But eat they did.
The opposition (Gabrielle Nash-Tessler, Mannie Diamond, Lawrence Schwartz, and Howard Kandel) held a series of breakfasts, inviting the public to snack on bagels while listening to attacks on the current commission. The incumbents (Irving Leighton, George Rodriguez, Alvin Blake, and Deborah Mash-Geller) followed suit, with a more lavish spread that included a hot meal.
In the end, fried eggs and ham beat out lox and cream cheese, as all of the incumbents emerged victorious from the fray.
Blake gained a fifth term on the commission, barely edging out attorney and constitutional scholar Schwartz, 803 votes to 766. University of Miami neurology professor Mash-Geller had an easier time of it, defeating Kandel, 923 to 670. And Rodriguez, who has served on the commission since August, won his first election handily, defeating Diamond, 1007 to 571.
But the contest everyone watched was the one between Nash-Tessler and Vice Mayor Leighton. The diminutive Nash-Tessler, 70, had vowed to bring beauty and glamour to North Bay Village. In her quest to do so, she spent more than any other candidate in the island's history -- at least $14,000 -- saturating the tiny village with signs and billboards adorned with her likeness. Her placards were plastered on the sides of Metrobuses and on benches, in storefronts and bus shelters. In an unprecedented step for a commission candidate in a village of 5000 citizens, she even took to the cable TV airwaves, running a commercial on Gold Coast's CNN, TBS, and ESPN channels.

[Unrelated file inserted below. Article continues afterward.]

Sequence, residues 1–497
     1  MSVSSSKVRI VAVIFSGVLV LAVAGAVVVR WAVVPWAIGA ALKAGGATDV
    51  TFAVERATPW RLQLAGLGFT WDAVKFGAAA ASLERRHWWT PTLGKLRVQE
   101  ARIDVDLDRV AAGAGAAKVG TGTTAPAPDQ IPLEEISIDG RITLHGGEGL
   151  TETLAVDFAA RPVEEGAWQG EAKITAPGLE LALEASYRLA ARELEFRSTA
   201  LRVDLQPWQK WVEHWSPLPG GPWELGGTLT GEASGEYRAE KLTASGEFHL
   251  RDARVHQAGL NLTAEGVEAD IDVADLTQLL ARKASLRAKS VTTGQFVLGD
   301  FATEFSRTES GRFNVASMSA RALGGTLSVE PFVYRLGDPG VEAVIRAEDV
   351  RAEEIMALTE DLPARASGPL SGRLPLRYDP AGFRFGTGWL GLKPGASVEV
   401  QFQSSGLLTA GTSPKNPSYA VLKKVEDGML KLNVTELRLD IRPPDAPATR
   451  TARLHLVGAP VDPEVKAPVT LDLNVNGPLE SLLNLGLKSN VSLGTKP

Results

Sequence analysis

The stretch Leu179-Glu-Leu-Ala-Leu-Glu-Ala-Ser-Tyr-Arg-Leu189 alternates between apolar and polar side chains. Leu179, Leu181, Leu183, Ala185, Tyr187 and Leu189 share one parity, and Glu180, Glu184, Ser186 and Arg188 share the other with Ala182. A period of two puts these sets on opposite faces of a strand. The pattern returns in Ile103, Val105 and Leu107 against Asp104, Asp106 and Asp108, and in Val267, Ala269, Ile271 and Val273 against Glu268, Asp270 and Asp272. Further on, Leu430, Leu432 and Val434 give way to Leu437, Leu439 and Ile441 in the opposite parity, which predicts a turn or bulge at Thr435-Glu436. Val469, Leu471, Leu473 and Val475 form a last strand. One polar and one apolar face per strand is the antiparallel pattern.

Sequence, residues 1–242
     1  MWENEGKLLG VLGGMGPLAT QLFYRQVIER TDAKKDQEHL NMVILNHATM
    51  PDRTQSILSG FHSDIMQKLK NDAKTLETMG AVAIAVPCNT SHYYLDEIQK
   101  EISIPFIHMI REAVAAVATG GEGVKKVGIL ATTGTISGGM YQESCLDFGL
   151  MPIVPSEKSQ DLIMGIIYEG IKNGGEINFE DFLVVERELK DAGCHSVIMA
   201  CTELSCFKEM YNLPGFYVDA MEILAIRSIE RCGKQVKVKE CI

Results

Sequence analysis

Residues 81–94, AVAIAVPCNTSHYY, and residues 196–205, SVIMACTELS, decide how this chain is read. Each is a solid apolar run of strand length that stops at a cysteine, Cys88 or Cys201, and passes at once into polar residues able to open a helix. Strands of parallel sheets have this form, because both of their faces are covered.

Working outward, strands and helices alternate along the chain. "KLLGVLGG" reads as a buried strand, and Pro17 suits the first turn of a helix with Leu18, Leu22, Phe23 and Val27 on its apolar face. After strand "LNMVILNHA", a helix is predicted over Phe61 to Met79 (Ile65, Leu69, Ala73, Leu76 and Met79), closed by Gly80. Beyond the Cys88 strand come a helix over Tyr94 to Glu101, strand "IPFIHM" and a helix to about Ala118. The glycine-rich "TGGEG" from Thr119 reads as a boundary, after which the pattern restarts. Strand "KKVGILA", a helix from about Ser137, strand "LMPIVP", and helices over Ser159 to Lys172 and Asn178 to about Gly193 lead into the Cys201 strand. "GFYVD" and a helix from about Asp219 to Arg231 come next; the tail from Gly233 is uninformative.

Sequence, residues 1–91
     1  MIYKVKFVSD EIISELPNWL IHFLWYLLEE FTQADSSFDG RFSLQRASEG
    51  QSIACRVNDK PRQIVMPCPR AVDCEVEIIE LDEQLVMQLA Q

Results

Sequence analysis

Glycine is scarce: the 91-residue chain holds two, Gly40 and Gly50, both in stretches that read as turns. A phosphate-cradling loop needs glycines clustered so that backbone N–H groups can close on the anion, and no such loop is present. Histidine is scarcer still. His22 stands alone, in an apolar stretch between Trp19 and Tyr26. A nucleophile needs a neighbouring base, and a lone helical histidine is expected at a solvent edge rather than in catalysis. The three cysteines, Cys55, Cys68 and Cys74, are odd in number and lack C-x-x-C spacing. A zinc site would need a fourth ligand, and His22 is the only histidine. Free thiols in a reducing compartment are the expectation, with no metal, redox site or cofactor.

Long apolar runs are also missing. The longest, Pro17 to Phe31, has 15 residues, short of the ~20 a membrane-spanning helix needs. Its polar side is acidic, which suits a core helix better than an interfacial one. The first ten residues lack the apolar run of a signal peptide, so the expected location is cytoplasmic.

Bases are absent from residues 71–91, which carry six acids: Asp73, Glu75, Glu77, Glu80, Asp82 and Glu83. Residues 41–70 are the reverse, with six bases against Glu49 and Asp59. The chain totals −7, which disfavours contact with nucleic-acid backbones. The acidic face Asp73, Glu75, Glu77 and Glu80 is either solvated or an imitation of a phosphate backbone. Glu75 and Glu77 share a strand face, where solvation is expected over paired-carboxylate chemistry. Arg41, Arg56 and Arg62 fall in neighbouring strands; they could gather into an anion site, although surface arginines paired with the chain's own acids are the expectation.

It wasn't enough. Despite his lower-profile campaign, Leighton won 972 votes, or 60 percent of the total, compared to 656 votes for Nash-Tessler.
And for Nash-Tessler, it was a sad time. A few weeks earlier her ailing husband died and on Tuesday she suffered another setback in a political career that had seen her mount three unsuccessful campaigns for the Miami Beach City Commission before her move to North Bay Village.
The closing days of the race generated some of the strangest political advertising anywhere in Dade. The incumbents ran a two-page ad in the Miami Herald, describing Nash-Tessler as a pest and raising the specter of her 1973 arrest for allegedly bribing a police officer. The ad also questioned her place of birth (Tunis or France) and her claim that she was a member of the French Underground during World War II.
World War II was a recurring theme during the campaign, as candidate Mannie Diamond issued a last-minute flyer after revelations of his war wounds began spreading around town. "Yes, Emanuel Diamond has a plate in his head," the 70-year-old veteran wrote. "At least I have something in my head."
Despite his loss, Diamond was upbeat at having received 36 percent of the vote, more than double the percentage he received the last time he ran. "I lost, but I made a lot of friends," he says. "I'm not disappointed.